Scrap anti-terror law: NE rights groups
Over 30 groups in northeastern states are planning a "mass movement" against an anti-terror law in the region.india Updated: Dec 08, 2006 16:40 IST
Over 30 civil rights groups and student organisations in the northeastern states are planning a "mass movement" against an anti-terror law in the region.
The Armed Forces Special Powers Act (AFSPA), currently enforced in four of the seven northeastern states - Assam, Manipur, Tripura and Nagaland, provides unlimited powers to security forces to shoot on sight and arrest without a warrant.
"We are going to build a mass movement in the region to pressurise New Delhi into repealing the 1958 act, which is nothing but a draconian piece of legislation," Samujjal Bhattacharyya, a member of the All Assam Students' Union (AASU), said.
The AASU, a students' organisation with 500,000 members, is supported by the Apunba Lup, a group of 32 civil rights organisations in Manipur, in its call for launching a joint movement against the act.
Prime Minister Manmohan Singh had last week said in Manipur's capital Imphal that the act would be amended with "more human" provisions.
"We want the act to go and will not accept any amendment. This act is a scar on democracy and against all tenets of basic human rights," said Apunba Lup spokesman Bimal Singh.
A 35-year-old Manipuri woman was allegedly raped and killed by security forces while in custody last year. Authorities said the woman, an alleged militant, was shot dead while trying to flee.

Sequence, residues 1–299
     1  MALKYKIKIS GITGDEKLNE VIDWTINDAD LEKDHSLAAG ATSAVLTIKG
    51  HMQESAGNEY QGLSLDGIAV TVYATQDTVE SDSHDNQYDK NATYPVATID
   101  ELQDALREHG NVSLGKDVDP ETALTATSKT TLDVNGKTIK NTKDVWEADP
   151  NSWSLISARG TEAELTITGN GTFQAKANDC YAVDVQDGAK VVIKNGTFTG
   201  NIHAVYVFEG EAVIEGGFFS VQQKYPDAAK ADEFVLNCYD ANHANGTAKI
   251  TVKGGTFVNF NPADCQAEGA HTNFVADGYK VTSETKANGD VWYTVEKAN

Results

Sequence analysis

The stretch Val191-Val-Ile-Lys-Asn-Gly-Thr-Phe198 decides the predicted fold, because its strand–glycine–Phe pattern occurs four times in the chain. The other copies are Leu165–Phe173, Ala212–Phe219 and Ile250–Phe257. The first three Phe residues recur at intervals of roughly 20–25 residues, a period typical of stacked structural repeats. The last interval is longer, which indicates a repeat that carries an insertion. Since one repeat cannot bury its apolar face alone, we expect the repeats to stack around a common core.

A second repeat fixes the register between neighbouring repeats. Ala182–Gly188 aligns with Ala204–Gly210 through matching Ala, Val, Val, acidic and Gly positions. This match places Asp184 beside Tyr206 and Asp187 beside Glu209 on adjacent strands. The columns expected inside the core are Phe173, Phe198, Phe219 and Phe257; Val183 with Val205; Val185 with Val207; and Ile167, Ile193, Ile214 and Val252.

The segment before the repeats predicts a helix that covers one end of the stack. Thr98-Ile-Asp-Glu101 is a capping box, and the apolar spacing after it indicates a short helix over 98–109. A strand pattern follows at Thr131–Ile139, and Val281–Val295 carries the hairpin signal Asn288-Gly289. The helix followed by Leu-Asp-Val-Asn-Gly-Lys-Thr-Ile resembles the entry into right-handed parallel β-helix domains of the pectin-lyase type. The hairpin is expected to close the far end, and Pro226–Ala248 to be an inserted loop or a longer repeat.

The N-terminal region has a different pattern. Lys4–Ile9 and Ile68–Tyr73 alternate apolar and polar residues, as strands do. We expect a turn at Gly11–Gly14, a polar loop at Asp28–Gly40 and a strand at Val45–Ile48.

The death triggered a wave of violence and protests in the region.
"I am not going to withdraw my fast until this black act is repealed in its totality from Manipur," Irom Sharmila, a Manipuri rights activist who has been on a hunger strike against the act for the last six years, was quoted as saying by her brother Singhajit Singh.
Sharmila is currently detained at the All India Institute of Medical Sciences in Delhi on charges of attempted suicide.
"If timely action is not taken to repeal the act, the northeast would be in turmoil," warned P Singh, a rights activist from Manipur.
The central government maintains that the anti-terror law was required in Manipur where over 19 rebel armies demand secession, greater autonomy and the right to self-determination.
More than 10,000 people have lost their lives to insurgency in Manipur during the past two decades.
First Published: Dec 08, 2006 16:40 IST